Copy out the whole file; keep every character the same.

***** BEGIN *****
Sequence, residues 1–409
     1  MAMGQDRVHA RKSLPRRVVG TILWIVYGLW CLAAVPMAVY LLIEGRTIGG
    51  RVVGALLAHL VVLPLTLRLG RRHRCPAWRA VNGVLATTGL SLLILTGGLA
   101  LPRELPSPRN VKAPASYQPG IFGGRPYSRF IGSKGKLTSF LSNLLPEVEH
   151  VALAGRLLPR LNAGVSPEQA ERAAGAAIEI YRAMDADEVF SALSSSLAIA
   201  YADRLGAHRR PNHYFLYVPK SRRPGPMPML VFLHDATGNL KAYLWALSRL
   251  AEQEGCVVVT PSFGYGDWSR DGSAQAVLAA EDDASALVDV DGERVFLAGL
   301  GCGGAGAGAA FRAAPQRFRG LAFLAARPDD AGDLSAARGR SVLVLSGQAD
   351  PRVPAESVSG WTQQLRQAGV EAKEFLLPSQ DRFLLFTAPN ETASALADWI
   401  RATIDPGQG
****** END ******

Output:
Sequence, residues 1–409
     1  MAMGQDRVHA RKSLPRRVVG TILWIVYGLW CLAAVPMAVY LLIEGRTIGG
    51  RVVGALLAHL VVLPLTLRLG RRHRCPAWRA VNGVLATTGL SLLILTGGLA
   101  LPRELPSPRN VKAPASYQPG IFGGRPYSRF IGSKGKLTSF LSNLLPEVEH
   151  VALAGRLLPR LNAGVSPEQA ERAAGAAIEI YRAMDADEVF SALSSSLAIA
   201  YADRLGAHRR PNHYFLYVPK SRRPGPMPML VFLHDATGNL KAYLWALSRL
   251  AEQEGCVVVT PSFGYGDWSR DGSAQAVLAA EDDASALVDV DGERVFLAGL
   301  GCGGAGAGAA FRAAPQRFRG LAFLAARPDD AGDLSAARGR SVLVLSGQAD
   351  PRVPAESVSG WTQQLRQAGV EAKEFLLPSQ DRFLLFTAPN ETASALADWI
   401  RATIDPGQG